Judge Says Parents Can Continue With Lawsuit Against Police Officer Who Helped Kill Their Son
from the Officer-Gafford-loses-the-QI-lottery dept
Five years after the Mesquite PD ended 18-year-old Graham Dyer’s life, his family is being allowed to move forward with its lawsuit against one of the officers involved. Dyer was picked up for public intoxication after a 911 call. The 5’4″ 110-lb. Dyer had been observed by friends acting strangely, stumbling and nearly walking into traffic. What should have been a simple arrest escalated into a horrific series of events that ended with Graham Dyer lying dead in a jail cell.
Dyer was tased repeatedly by officers while laying unrestrained in the back seat of their cruiser. Very little effort was made to calm Dyer down as he thrashed around the back seat slamming his head repeatedly on the cruiser’s door and seat. Officer Gafford — the only defendant remaining in the Dyers’ lawsuit — tased Dyer directly in the groin twice (Gafford claims he was “aiming” for Dyer’s thigh) and also told the teen, “Motherfucker, I’m going to kill you.”
The cruiser’s interior camera caught all of this on tape. The cruiser’s dashcam caught officers standing around the jail’s sally port doing nothing to ensure Dyer, now laying on the ground with an officer’s foot on his head, was healthy enough to be booked. These videos were obtained from the FBI, which opened its own investigation into the arrest. The Mesquite PD refused to release documents to Dyer’s parents, claiming an arrest for public intoxication that ended in their son’s death was still somehow an open criminal investigation.
The state AG upheld its denial, stating that PDs can withhold files even when the arrest doesn’t lead to a prosecution. This denial served double duty. It kept files out of the Dyers’ hands and it kept involved officers from being criminally charged. Even though the DA saw enough in the recordings to support charges, the stonewalling allowed the clock to run out on the statute of limitations.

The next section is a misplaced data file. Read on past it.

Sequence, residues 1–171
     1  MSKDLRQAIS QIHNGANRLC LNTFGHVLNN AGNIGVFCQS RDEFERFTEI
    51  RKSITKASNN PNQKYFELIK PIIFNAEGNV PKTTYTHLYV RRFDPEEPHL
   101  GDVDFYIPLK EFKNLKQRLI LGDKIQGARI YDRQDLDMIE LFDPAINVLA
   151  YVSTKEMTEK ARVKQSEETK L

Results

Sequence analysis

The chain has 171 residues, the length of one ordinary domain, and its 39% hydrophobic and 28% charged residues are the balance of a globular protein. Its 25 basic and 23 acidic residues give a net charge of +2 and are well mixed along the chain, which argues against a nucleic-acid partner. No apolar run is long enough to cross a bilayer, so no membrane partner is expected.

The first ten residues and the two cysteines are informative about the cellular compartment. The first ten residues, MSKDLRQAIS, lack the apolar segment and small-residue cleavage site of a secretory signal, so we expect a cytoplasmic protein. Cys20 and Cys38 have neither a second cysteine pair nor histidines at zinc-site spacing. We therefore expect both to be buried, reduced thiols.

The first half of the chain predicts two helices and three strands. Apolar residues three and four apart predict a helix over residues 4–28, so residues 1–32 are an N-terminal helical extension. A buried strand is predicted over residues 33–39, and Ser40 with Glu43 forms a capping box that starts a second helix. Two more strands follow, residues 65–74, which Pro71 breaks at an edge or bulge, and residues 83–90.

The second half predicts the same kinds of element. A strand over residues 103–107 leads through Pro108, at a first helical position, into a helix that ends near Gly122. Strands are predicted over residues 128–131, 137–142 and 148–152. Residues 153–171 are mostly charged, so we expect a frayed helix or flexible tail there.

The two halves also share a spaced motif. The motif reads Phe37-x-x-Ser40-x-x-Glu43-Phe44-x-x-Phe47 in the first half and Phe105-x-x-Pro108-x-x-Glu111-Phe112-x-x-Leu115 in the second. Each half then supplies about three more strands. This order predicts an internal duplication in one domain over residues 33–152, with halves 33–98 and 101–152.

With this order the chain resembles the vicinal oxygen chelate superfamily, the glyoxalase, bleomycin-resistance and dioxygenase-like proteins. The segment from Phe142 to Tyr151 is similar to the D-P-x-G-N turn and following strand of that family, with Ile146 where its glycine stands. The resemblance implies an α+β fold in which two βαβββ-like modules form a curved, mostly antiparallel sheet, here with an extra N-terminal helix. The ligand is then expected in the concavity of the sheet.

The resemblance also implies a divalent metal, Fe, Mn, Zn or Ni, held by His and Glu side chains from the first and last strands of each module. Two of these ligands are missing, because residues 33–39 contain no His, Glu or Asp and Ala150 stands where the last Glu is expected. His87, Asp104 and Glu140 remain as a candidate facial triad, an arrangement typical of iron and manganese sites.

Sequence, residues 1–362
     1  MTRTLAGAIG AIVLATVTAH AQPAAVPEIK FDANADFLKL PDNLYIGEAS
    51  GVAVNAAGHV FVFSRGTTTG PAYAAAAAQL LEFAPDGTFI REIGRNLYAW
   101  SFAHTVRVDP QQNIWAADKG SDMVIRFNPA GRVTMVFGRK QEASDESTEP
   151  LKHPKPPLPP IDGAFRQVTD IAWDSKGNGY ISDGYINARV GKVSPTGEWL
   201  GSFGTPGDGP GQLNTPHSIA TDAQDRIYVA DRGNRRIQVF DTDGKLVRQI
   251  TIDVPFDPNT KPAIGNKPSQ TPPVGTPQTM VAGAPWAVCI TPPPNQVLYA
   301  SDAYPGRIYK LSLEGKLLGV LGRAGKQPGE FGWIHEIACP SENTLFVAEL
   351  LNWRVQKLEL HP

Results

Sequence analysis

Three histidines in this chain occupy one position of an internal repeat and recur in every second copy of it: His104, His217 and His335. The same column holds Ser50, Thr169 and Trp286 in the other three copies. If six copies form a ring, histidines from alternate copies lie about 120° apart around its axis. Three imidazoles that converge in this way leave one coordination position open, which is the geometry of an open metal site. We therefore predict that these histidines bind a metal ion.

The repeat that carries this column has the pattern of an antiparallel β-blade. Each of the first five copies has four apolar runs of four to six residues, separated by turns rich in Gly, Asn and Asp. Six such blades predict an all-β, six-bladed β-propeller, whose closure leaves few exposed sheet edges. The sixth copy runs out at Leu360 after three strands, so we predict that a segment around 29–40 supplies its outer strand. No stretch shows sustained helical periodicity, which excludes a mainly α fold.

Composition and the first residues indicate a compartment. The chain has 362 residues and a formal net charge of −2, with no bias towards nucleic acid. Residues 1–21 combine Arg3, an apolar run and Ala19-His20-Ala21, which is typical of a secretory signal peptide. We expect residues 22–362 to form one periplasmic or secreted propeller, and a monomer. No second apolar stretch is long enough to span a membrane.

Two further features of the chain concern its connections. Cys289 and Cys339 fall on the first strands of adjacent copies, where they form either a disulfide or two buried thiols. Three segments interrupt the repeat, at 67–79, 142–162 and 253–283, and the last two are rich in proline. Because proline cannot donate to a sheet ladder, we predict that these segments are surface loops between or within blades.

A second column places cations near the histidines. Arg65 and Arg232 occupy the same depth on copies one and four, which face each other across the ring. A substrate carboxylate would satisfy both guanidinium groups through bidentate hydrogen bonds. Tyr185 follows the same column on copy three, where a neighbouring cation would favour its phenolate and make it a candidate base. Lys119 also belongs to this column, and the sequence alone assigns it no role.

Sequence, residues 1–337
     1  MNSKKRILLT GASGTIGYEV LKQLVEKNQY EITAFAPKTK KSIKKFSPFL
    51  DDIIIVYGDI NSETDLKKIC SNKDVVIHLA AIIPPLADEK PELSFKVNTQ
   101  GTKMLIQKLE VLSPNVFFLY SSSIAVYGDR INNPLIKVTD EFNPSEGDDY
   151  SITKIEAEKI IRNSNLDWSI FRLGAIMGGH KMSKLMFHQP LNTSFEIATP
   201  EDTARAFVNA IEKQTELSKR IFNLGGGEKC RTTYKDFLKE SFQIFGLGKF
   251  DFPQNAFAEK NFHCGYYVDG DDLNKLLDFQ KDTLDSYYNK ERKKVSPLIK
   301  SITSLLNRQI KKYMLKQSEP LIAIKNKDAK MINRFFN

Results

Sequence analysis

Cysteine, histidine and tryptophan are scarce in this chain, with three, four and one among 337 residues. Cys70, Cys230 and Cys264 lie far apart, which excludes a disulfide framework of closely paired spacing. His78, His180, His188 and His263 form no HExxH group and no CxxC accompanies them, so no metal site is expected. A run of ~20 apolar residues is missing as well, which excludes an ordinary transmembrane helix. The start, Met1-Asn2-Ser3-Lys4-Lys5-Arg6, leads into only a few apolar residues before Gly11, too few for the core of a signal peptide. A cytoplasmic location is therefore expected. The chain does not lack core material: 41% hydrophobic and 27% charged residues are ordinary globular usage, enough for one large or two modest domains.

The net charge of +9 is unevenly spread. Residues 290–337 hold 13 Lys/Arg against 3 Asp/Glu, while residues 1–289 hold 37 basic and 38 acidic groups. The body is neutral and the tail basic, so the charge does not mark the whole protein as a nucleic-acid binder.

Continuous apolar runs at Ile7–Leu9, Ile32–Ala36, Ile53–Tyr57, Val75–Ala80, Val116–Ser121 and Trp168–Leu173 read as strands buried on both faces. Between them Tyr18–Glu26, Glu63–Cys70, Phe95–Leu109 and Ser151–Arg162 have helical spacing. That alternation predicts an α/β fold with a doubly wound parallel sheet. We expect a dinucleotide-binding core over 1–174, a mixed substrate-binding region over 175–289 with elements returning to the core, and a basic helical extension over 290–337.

It’s these recordings that have been central to the Dyers’ fight for closure. Their federal civil rights lawsuit is inching forward again, thanks to a recent decision by the judge, which pares down the Dyers’ claims even further, but does not end their attempt to secure some sort of justice.
[Judge Jane] Boyle determined that the other officers could not be sued for their actions. However, she agreed that the Dyer family’s claims against Gafford could proceed. In her ruling, she rejected police claims that Graham needed to be shocked because he posed a threat to officer safety.
Noting that Graham had been arrested only for the minor offense of public intoxication and was not attacking any of the officers while handcuffed in the back of the police cruiser, she wrote, “A jury could reasonably find that tasing Graham in the crotch for eight seconds could not have been reasonably calculated to protect any officer from harm.”
This allows the Dyers to seek damages from Officer Graham personally, should a jury side with their claims. It’s not much, but it’s far more than they had five years ago. All they had was a dead son officers refused to let them see and zero information as to how he ended up that way.
And there’s this: on top of all the stonewalling and lying the Mesquite PD engaged in prior to the lawsuit, the officers being sued actually tried to get their own recordings tossed out of court. This footnote from the ruling [PDF] is a jaw-dropper:
The officers have objected to the video’s authenticity. Federal Rule of Evidence 901(a) “merely requires some evidence which is sufficient to support a finding that the evidence in question is what it proponent claims it to be.” United States v. Jimenez Lopez, 873 F.2d 769, 772 (5th Cir. 1989). In their depositions, the officers identified what the video represented, and the officers have provided no reason to believe the video is inauthentic. Moreover, the officers themselves produced the dashcam videos and “sallyport” video, which further corroborates those videos’ authenticity. The Court OVERRULES the officers’ objection to the video.
I guess when your credibility is already permanently damaged, there’s little to lose arguing your own camera systems can’t be trusted.